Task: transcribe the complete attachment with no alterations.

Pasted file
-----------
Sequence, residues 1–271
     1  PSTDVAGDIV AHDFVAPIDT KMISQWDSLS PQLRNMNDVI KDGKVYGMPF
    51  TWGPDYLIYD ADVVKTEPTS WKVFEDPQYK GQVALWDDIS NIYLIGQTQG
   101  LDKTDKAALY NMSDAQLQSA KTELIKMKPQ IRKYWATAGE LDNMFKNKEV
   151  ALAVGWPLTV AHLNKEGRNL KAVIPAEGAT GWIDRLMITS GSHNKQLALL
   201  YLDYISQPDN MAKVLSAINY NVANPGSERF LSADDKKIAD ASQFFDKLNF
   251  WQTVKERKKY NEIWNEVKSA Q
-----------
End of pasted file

Sequence, residues 1–271
     1  PSTDVAGDIV AHDFVAPIDT KMISQWDSLS PQLRNMNDVI KDGKVYGMPF
    51  TWGPDYLIYD ADVVKTEPTS WKVFEDPQYK GQVALWDDIS NIYLIGQTQG
   101  LDKTDKAALY NMSDAQLQSA KTELIKMKPQ IRKYWATAGE LDNMFKNKEV
   151  ALAVGWPLTV AHLNKEGRNL KAVIPAEGAT GWIDRLMITS GSHNKQLALL
   201  YLDYISQPDN MAKVLSAINY NVANPGSERF LSADDKKIAD ASQFFDKLNF
   251  WQTVKERKKY NEIWNEVKSA Q